When I talked to Dr. Kaeser on Thursday night, he told me he'd be calling me the next day, around the same time, to let me know the time to come in and see him on Monday. I was surprised when my phone rang yesterday, displaying his phone number, at 11:00 a.m. (10:00 a.m. Chicago time). I had a brief moment of panic, thinking "Well, he's changed his mind. He read my blog again and wants not a thing to do with this."
My worries were short-lived, as he exclaimed: "1:00 on Monday!" I told him we'd be there. He let me know that I shouldn't worry if I'm running late, that he's got the room reserved for me. (Trust me, I'll be there early). He also asked if I minded if some other doctors/practitioners took a look at me. He'd spoken with some, and there is another chiropractor, a physical therapist, a pain management doctor, etc., etc. who would like to help as well. Would I mind? "Pack 'em in!" was my word-for-word response to him. Just a little bit of Bedford coming out of me there. He told me they'd start by doing some x-rays--of my chest, back, etc. No one has even looked at my back or my chest. I asked if I should bring my abdominal/pelvic CT scan that I had done about three weeks ago. His word-for-word response to that was "Bring anything you can get your hands on."
So, Rowan and I hopped in the car (Tim's car, actually, as mine is messed up right now--strangely, I don't even care) and headed to Bloomington to get what we could get our hands on. The first stop was the hospital. That's where I had the CT. I carried him in (as an aside--that kid is HEAVY) and we went to the medical records department. On our way, we saw two of my students (there for clinicals) eating lunch. They got to meet Rowan after hearing me reference him and Amelia so much while I teach. Anyway--you'd think that you could get your own medical records without too much trouble. They're yours, right? They depict something about you, your body, or your health. Well, let me tell you, they've got them on lock down. I had to show a picture ID, give them my SSN, sign 15 papers, then sign something else, then swear I wouldn't sue them, etc., etc. I even had a cute, smiley baby in my arms and they acted like I was trying to rob the joint. The worst part came when they asked if I was a minor, as I would need my mother or my father to sign for me if I was. Now I know I didn't look great yesterday, and I get constant threats from Amelia and my husband about being nominated for TLC's "What Not to Wear," but I can't imagine why they asked me THAT. Finally I was given the CT results. I had to walk to an entirely different part of the hospital to get the actual CD of the scan (like I said, Rowan is HEAVY). In the end, though, I got them.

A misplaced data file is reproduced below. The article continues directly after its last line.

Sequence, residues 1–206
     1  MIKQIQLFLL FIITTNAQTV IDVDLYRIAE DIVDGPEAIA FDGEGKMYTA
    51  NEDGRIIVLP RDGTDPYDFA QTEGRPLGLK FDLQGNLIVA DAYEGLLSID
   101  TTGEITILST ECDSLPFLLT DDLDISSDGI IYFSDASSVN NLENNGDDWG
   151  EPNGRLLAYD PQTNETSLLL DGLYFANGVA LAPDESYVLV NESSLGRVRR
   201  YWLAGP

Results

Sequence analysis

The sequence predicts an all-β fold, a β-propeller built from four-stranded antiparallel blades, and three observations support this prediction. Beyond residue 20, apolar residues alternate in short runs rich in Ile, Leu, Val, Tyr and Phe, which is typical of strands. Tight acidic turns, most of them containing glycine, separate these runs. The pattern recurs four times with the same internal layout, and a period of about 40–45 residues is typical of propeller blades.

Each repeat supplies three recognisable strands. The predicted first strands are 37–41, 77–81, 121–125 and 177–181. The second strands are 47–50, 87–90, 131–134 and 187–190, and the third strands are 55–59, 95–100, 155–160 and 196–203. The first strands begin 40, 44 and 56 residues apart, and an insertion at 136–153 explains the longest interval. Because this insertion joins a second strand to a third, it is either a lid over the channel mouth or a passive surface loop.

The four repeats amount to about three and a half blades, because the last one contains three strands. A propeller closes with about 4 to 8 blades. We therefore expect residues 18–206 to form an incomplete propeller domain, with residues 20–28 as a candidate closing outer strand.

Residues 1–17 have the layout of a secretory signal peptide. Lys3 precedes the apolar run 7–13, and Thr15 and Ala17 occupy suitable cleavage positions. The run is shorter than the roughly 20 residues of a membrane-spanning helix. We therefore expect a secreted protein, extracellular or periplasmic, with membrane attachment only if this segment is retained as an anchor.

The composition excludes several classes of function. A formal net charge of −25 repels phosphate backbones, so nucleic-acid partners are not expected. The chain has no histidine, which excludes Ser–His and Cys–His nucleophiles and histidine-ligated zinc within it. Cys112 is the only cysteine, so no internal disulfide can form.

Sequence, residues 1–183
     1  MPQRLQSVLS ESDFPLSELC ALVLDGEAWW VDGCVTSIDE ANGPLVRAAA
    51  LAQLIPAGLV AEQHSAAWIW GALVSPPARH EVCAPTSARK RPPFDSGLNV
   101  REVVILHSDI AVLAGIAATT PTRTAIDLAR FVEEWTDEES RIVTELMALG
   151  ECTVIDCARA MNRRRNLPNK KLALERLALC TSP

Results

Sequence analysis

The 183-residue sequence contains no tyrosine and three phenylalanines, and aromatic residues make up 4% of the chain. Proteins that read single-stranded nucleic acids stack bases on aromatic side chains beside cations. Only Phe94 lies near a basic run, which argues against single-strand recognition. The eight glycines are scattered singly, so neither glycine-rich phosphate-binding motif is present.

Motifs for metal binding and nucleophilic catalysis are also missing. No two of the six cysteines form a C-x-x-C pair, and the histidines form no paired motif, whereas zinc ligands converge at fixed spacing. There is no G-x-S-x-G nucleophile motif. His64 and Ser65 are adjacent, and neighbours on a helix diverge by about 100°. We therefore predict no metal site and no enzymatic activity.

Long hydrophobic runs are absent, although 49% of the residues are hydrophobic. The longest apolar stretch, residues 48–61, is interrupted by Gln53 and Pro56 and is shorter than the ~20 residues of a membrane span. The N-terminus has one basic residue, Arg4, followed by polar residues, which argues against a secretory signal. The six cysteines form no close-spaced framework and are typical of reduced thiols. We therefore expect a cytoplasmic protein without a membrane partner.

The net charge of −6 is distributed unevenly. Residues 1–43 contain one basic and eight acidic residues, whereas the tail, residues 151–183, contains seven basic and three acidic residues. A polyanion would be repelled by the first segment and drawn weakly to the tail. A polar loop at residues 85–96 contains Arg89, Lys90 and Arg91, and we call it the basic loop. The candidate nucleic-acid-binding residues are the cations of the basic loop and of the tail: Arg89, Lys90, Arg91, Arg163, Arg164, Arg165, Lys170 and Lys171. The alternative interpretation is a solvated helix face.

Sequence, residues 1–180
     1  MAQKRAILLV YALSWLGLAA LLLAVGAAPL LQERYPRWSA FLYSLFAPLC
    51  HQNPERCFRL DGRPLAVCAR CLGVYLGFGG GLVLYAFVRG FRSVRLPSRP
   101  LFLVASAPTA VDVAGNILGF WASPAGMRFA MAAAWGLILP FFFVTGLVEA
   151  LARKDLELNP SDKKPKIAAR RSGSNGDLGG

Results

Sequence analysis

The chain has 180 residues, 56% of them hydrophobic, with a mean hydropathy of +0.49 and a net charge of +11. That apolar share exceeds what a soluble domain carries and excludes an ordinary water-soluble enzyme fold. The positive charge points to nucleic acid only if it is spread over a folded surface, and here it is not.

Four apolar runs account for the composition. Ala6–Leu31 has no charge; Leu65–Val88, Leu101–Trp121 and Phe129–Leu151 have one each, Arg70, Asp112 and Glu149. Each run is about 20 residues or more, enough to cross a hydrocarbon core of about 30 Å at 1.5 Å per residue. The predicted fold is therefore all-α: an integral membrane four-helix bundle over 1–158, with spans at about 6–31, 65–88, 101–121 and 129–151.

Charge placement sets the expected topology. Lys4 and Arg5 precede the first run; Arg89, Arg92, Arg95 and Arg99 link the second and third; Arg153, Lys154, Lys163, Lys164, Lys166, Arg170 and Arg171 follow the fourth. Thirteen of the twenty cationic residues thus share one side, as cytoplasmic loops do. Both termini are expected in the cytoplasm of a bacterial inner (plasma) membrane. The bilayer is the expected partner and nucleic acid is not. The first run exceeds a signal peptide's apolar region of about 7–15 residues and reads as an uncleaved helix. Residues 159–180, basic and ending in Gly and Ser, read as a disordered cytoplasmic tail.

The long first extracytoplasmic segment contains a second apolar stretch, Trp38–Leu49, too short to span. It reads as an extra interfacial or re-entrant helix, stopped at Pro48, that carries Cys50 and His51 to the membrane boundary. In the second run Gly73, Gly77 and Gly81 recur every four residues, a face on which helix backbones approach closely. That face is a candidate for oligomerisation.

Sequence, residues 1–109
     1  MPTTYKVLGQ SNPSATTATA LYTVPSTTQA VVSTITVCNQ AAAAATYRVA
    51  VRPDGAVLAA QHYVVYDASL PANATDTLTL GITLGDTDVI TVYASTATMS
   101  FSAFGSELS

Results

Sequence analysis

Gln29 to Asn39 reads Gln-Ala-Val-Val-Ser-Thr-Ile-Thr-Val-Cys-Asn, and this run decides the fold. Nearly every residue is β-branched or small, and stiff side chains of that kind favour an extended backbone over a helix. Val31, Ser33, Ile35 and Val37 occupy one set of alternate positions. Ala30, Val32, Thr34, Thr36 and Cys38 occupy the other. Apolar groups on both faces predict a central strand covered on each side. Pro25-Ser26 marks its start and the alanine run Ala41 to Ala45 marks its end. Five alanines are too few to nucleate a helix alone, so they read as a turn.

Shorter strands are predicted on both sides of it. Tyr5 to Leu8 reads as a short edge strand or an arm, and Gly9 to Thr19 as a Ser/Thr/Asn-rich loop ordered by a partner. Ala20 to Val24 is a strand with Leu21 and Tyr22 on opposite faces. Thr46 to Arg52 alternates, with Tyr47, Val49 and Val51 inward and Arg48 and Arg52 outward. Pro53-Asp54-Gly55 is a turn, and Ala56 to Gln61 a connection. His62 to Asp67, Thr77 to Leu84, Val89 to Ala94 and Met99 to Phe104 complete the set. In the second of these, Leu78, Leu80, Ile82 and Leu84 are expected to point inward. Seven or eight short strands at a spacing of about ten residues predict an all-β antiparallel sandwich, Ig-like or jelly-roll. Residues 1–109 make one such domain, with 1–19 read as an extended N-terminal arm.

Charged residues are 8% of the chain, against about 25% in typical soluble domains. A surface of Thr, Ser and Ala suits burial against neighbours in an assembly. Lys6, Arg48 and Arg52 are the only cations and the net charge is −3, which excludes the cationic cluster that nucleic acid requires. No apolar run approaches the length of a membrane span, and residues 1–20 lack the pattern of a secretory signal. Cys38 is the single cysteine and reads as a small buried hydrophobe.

Got Rowan back in the car, as we had to go to two additional places (IMA gastroenterology and SIRA) to get the colonoscopy, abdominal ultrasound, and HIDA scan results. I had to sign in blood there, too. The only thing I didn't manage to get were my labs. In all of this, I've only had one lab drawn: my liver function tests. They were normal. But, honestly, could we maybe check a sed-rate, a CBC with differential, anything? No one has done that yet, and I'm not sure why. I got Rowan back in the car again and finally headed home. I felt victorious. Before pulling out of the parking lot, I decided to read my records. As a nurse, I know that what doctors dictate does not usually match what they tell patients. The CT scan actually revealed an ovarian cyst on the right side, as well as an enlarged liver. The abdominal ultrasound I knew showed an enlarged liver, but the HIDA scan did as well. I had not been told a lick (the Bedford in me is glaring today) about the cyst or the liver showing up anywhere but on the ultrasound. Now, I know that ovarian cysts are pretty normal for a woman my age. But it's on the right side, where my pain is--maybe someone should have mentioned this? What I'm getting at is....whenever you're going through something like this, a situation where no one seems to know what's wrong with you, take the day off (it'll take you that long), bring your fingerprints, bank account numbers, license, passport, DNA sample, and your first (or second) born child and go fetch your own test results. I should note that the colonoscopy report was actually just as Dr. Spier had explained it to me. I knew I liked him.
So, I ran today. 10 miles. Tim asked me how it went. "Same as usual." "You survived," he said. Yes, I did. And I have to insert something here that I mentioned yesterday. But, at least for my sake, it bears repeating:
"When I am disturbed, it is because I find some person, place, thing, or situation--some fact of my life--unacceptable to me, and I can find no serenity until I accept that situation as being exactly the way it is supposed to be at this moment. Nothing, absolutely nothing, happens in God's world by mistake."
As I began my run, I prayed for mercy. Please just let this one not be as bad as the last. And you know what? It was bad, but it wasn't as bad as Thursday. That's something to celebrate. I tried to think of all the positive things in my life. That did help take my mind off the pain. I tried to vividly remember the days on which my children were born. I thought about Amelia, when she was 3 or 4, dancing in the living room to a Shakira song. I thought about how lucky I am to have such a kind-hearted soul for a daughter. I thought about Rowan, and those last few, intense moments of my labor with him. I thought about my husband, and how utterly lucky I am to have him. Unfortunate events, for both of us, occurred in the time leading up to when we met. Without those, however, I am 100% sure I would not even know Tim Miller at this point in my life. I refer you again to the paragraph above.
Long run tomorrow. Keeping the faith, knowing that there's an A-Team waiting for me in Chicago.